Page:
4.5 Star Books · ARC Book Reviews · Book Reviews · contemporary fiction · Domestic Fiction · fiction · mental health · psychological drama

New Release | The Girl In His Eyes by Jennie Ensor

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The Girl In His Eyes by Jennie Ensor

Published: September 18, 2018

Publisher: Bloodhound Books

Pages: 353 

Genres: fiction, domestic fiction, mental health, contemporary fiction, psychological drama 

Rating: 4.5 stars

Recommend to fans of: Law & Order SVU, karmic justice, validating books about surviving sexual abuse

Foodie Vibes: warm cup of tea with sugar ~ to soothe your soul and keep your energy levels up during this difficult time

 

Synopsis: 

Her father abused her when she was a child. For years she was too afraid to speak out. But now she suspects he’s found another victim…

Laura, a young woman struggling to deal with what her father did to her a decade ago, is horrified to realise that the girl he takes swimming might be his next victim. Emma is twelve – the age Laura was when her father took away her innocence.

Intimidated by her father’s rages, Laura has never told anyone the truth about her childhood. Now she must decide whether she has the courage to expose him and face the consequences.

Can Laura overcome her fear and save Emma before the worst happens?

 

Review: 

Thank you to NetGalley, Bloodhound Books and Jennie Ensor for an ARC ebook copy to review. As always, an honest review from me.

First of all, a major trigger warning for the entire book. There are many mentions and fairly graphic descriptions of child sexual abuse and rape. So please be sure you’re in a good head space while reading the book.

With that being said, I really enjoyed The Girl In His Eyes. The book gave a fairly accurate representation of the horrors and difficulties of dealing with the aftermath of surviving child sexual abuse. Both for the individual survivor and the family as well The novel gives a voice to the voiceless. It also makes it easier to understand how and why these pedophiles and perverts can manipulate children, entire families and societies into believing they’re good people. There were so many times when people suspected something was “off” about Paul, but brushed off their concerns because he seemed like a nice guy. Always trust your gut, people! These life lessons are so relevant.

There wasn’t anything that I really disliked about the book. However there was a lot that disgusted me, which given the general book topic was bound to happen. Some chapters are from Paul, the pervert’s, point of view. We hear all the disgusting horrifying things he thinks. It adds to the suspense and explains a lot. Also some of the reactions of people seem a bit too cookie cutter at times.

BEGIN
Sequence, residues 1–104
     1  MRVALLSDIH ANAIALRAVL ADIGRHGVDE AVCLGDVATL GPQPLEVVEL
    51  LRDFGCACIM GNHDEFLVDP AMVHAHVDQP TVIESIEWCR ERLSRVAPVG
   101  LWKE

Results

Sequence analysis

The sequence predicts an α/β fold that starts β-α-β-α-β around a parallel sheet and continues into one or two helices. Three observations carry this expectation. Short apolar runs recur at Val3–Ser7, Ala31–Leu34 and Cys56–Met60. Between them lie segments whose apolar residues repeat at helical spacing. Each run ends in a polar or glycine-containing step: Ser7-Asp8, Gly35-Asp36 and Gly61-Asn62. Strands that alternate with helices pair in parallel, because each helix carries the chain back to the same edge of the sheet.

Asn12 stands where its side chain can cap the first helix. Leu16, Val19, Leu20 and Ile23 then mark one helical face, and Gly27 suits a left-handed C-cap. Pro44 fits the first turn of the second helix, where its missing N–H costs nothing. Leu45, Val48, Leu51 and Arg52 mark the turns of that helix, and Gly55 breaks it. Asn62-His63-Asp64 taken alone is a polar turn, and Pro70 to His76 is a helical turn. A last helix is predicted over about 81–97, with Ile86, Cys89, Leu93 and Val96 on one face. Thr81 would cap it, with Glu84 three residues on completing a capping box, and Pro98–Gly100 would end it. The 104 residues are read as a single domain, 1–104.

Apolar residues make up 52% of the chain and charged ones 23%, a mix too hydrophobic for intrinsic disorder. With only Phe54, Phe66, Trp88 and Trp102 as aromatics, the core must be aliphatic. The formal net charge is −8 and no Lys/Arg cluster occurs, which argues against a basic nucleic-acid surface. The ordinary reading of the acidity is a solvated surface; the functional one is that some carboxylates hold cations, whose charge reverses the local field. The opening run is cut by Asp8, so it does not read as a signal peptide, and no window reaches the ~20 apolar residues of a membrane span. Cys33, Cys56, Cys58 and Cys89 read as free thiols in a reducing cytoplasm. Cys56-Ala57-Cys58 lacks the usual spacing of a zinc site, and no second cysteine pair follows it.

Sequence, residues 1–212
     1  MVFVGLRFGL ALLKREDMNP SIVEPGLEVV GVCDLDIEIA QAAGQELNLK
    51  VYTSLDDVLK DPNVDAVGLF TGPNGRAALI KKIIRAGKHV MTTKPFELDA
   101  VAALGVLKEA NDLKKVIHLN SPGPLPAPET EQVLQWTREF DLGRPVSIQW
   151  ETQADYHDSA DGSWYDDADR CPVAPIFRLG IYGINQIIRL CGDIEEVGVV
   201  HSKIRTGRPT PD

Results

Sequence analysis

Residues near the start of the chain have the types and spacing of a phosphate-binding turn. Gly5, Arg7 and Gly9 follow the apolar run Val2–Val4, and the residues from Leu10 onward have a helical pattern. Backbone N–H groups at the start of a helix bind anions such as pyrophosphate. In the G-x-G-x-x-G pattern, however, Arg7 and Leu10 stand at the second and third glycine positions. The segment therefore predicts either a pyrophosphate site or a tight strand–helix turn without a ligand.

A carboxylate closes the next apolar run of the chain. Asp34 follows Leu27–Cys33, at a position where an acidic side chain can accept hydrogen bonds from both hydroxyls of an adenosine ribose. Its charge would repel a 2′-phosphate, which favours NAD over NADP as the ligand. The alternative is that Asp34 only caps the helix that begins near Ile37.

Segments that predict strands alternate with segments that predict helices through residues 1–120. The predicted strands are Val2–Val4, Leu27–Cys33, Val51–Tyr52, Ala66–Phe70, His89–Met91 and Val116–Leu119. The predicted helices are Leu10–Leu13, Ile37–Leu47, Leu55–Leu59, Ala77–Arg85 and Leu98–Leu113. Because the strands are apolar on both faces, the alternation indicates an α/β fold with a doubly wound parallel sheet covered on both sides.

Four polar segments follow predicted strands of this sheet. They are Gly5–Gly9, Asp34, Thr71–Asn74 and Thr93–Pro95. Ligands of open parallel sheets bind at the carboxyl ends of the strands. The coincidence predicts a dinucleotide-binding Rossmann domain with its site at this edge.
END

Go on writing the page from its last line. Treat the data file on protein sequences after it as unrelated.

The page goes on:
Overall, a really worthwhile read to further understand the topic but done in a fictionalized manner.

 

Who can relate relate to this story? 

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5 Star Books · ARC Book Reviews · Book Reviews · Essays · feminism · mental health · non fiction · politics · Self Help · sociology

New Release | Rage Becomes Her: The Power of Women’s Anger by Soraya Chemaly

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Rage Becomes Her: The Power of Women’s Anger by Soraya Chemaly 

Published: September 11, 2018

Publisher: Atria Books

Pages: 416

Genres: non fiction, feminism, sociology, self help, politics, mental health, essays

Recommend to fans of: books that explain so many experiences as a women, educating yourself, feminism

Foodie Vibes: whatever food that you want, because you don’t need to justify your food choices

 

Synopsis:

Women are angry, and it isn’t hard to figure out why.

We are underpaid and overworked. Too sensitive, or not sensitive enough. Too dowdy or too made-up. Too big or too thin. Sluts or prudes. We are harassed, told we are asking for it, and asked if it would kill us to smile. Yes, yes it would.

Contrary to the rhetoric of popular “self-help” and an entire lifetime of being told otherwise, our rage is one of the most important resources we have, our sharpest tool against both personal and political oppression. We’ve been told for so long to bottle up our anger, letting it corrode our bodies and minds in ways we don’t even realize. Yet our anger is a vital instrument, our radar for injustice and a catalyst for change. On the flip side, the societal and cultural belittlement of our anger is a cunning way of limiting and controlling our power.

We are so often told to resist our rage or punished for justifiably expressing it, yet how many remarkable achievements in this world would never have gotten off the ground without the kernel of anger that fueled them? Rage Becomes Her makes the case that anger is not what gets in our way, it is our way, sparking a new understanding of one of our core emotions that will give women a liberating sense of why their anger matters and connect them to an entire universe of women no longer interested in making nice at all costs.

Following in the footsteps of classic feminist manifestos like The Feminine Mystique and Our Bodies, Ourselves, Rage Becomes Her is an eye-opening book for the twenty-first century woman: an engaging, accessible credo offering us the tools to re-understand our anger and harness its power to create lasting positive change.

 

Review:

I won this book for free from Goodreads Giveaways. Thank you to Goodreads, Atria Books, and Soraya Chemaly. As always, an honest review from me.

Rage Becomes Her might be my book of the year. It’s incredibly powerful, poignant and validating for women. I want to share the book with every single woman I know. Actually I need every single person on the planet to read it. No arguments, just reading and learning.